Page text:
Now, more than ever before, many of us are using technology to stay connected. Whether it’s using apps to find out how we can help in our local communities, video-calling colleagues, or taking part in online exercise sessions – there are lots of ways to ensure we don’t feel disconnected during the current crisis.
Although Nesta Challenges’ Tech to Connect Challenge began long before coronavirus was at the forefront of everyone’s minds, the competition was all about supporting tech innovations from civil society organisations working to tackle social isolation. Funded by the Department for Digital, Culture, Media and Sport (DCMS), Tech to Connect was an England-wide competition to find and scale up the most impactful solutions which could help to build more connected communities and reduce the causes and outcomes of social isolation.
The challenge aimed to find simple solutions that could make a real difference to people feeling isolated due to a wide range of reasons – from managing illness, trauma, or a challenging life transition, to feeling held back by age, ethnicity, gender or sexuality. The civil society organisations who work closely with the most at-risk communities have the best understanding of how to really meet their needs – and the challenge aimed to maximise the expertise of these organisations, helping them to utilise tech in a way that really reflects the needs of their beneficiaries .
The term ‘social isolation’ has taken on a new meaning in recent weeks – and while the innovations were by no means put forwards or selected with the current coronavirus crisis in mind, many of the services and products that were developed through Tech to Connect will be particularly beneficial to people in even greater need over the coming weeks and months.
This is true for You are Not Alone (YANA), an initiative which aims to be the world’s largest collaborative resource for survivors of sexual assault, which we recently selected as the Tech to Connect winner. YANA is an online platform created by the community interest company Chayn, which provides a safe space for people to access details of local shelters, lawyers and therapists, and procedures for reporting leading to a more connected system of support for sexual assault survivors.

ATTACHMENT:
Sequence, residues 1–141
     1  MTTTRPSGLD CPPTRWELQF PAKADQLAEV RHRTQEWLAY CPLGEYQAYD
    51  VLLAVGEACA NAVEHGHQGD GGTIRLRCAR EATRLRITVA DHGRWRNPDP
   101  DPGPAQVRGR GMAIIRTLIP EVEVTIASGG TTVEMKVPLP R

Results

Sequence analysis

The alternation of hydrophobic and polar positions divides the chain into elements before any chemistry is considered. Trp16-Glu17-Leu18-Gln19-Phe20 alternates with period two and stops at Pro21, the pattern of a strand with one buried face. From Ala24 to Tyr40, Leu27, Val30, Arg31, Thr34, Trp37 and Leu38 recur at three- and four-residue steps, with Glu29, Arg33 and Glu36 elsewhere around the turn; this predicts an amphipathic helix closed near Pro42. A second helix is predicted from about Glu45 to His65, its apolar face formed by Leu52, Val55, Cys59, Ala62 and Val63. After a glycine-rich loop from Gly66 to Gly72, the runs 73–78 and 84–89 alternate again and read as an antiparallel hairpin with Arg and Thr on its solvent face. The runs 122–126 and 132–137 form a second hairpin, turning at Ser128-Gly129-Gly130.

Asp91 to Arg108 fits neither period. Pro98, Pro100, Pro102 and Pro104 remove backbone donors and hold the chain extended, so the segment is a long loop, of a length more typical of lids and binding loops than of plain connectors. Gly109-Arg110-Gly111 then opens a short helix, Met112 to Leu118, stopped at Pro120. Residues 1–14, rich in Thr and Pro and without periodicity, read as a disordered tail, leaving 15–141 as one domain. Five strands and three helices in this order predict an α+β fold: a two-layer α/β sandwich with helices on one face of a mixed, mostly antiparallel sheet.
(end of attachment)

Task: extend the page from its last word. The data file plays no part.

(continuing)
In the UK, 1 in 5 women will experience sexual assault during their lifetime, rising to 1 in 3 globally. In addition, 646,000 men have experienced some type of sexual assault since they were 16 in England and Wales. Yet not knowing where to go, fear of being judged, and a lack of trust in institutions can all contribute to survivors not coming forward and experiencing social isolation.
As people across the world are in lockdown due to coronavirus, there are concerns that it will inadvertently lead to an increase in domestic and sexual abuse. Reports of violence have increased by 30% in China, Italy and Greece. Hera Hussain, the creator of YANA, explains: “Being forced to stay home with an abuser for long amounts of time can be a harrowing experience – and stress of any kind can act as a trigger for violence and coercion, putting survivors at an even greater risk.” Indeed, activists and survivors are already seeing an alarming rise in abuse around the world.
Being a survivor-led project itself, YANA has prioritised minimising the risk of survivors feeling isolated by making it easier for those affected to find out what their support options are and who can help. It includes resources to guide survivors through the process of pressing charges, as well as tracking and saving their case information and paths to recovery.
Of course, there are big differences between those of us using tech to navigate challenges to our daily lives created by the coronavirus pandemic, and those people for whom tech offers a vital lifeline and essential support network. But there is no question that tech can make a major positive difference in connecting people facing a variety of difficulties.
Social isolation can affect everyone, and it is vital that civil society organisations are given the opportunities and means to develop innovations that can make a meaningful difference. Many civil society organisations have great ideas to combat social isolation but are constrained by a lack of funding or resources.
Let’s ensure that those organisations who are best placed to tackle these issues can develop their ideas into reality.
Tris Dyson is executive director of Nesta Challenges
This article has been supplied by a commercial partner